In Florida, a county elections supervisor's job is never easy. Just this summer, Gov. Rick Scott's ill-timed push to purge noncitizens from the voter rolls forced county supervisors to ensure voters' rights were being protected even as they were preparing for a presidential election. Among those standing up for voters was Pinellas Supervisor of Elections Deborah Clark, demonstrating once again she is the most qualified candidate for the job.
Clark, a Republican, has served 12 years as elections supervisor and was an employee in the office for two decades before that. Her tenure has not been without hiccups. The most recent came on primary election night in August when a technical glitch in the county computer system caused delays in transmitting precinct results to the elections headquarters in Largo. The problem arose despite repeated tests Clark said her office had performed.
Clark also has been among the leaders statewide who has promoted the use of absentee ballots, and she has simultaneously limited to just three the number of early voting sites in the state's most densely populated county. Clark says it's about expense. But absentee ballots are also more likely to be tossed out on technicalities, and they are more susceptible to fraud.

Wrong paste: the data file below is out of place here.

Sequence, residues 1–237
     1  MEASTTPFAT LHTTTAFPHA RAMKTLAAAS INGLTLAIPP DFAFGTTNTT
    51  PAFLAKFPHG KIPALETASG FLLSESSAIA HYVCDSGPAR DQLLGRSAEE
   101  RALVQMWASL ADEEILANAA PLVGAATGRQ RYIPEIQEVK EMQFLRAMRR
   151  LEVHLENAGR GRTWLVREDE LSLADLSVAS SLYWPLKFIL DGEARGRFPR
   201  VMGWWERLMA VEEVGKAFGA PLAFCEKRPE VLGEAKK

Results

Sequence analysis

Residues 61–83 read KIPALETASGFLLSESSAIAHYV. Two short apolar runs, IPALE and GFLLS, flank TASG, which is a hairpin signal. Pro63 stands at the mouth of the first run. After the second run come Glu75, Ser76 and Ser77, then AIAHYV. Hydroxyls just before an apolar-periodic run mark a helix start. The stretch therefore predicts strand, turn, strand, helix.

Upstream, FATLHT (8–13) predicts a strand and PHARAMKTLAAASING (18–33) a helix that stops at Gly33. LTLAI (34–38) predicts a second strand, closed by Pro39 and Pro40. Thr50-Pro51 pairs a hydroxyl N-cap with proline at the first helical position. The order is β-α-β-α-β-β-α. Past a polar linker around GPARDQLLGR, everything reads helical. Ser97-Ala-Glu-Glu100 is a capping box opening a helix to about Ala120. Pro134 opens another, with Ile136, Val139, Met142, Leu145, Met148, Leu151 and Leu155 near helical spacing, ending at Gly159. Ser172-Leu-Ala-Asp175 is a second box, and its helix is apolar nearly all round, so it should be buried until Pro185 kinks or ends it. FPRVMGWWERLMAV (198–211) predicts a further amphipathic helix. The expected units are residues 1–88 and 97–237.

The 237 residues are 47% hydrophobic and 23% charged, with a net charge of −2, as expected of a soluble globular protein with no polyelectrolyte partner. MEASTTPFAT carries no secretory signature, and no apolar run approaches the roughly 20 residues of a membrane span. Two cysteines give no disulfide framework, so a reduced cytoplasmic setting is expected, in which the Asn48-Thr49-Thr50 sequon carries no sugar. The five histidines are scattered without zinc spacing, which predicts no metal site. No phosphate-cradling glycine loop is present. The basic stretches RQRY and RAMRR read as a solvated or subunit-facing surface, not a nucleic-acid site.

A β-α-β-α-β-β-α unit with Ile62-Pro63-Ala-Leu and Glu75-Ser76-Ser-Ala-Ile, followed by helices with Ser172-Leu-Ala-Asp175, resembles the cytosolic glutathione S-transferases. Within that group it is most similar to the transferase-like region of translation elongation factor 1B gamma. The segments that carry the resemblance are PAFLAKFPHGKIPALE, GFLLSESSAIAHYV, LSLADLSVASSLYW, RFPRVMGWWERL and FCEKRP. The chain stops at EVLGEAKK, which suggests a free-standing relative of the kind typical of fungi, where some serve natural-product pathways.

Nonetheless, Clark has proven herself a public servant committed to Florida voters and has run the office in a nonpartisan fashion. This summer she was among the elections supervisors who refused to go along with the governor's error-riddled voter purge effort unless state officials provided evidence of the voters' ineligibility. That's at the core of what the job is about: ensuring the integrity of the ballot box.
Jack Killingsworth, 78, ran against Clark as a Democrat in 2008, saying his career as an electrical engineer made him more qualified to manage voter technology. Now he is running without party affiliation and has not launched much of a campaign.
For Pinellas supervisor of elections, the Tampa Bay Times recommends Deborah Clark.